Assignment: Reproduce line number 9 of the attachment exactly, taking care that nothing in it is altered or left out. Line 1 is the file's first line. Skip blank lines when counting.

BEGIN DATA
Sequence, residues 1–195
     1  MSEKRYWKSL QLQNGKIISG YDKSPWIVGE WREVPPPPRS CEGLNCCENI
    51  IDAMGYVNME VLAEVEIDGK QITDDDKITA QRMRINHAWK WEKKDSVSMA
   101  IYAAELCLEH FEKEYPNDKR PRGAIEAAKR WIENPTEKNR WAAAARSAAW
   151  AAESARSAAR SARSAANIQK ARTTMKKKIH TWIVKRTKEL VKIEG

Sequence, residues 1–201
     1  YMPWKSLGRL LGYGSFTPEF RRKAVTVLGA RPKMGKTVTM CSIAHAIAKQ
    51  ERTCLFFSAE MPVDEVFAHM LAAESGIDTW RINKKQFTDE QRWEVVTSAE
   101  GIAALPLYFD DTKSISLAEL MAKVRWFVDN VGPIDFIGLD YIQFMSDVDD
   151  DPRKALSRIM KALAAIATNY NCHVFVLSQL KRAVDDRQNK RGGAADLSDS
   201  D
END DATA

   101  GIAALPLYFD DTKSISLAEL MAKVRWFVDN VGPIDFIGLD YIQFMSDVDD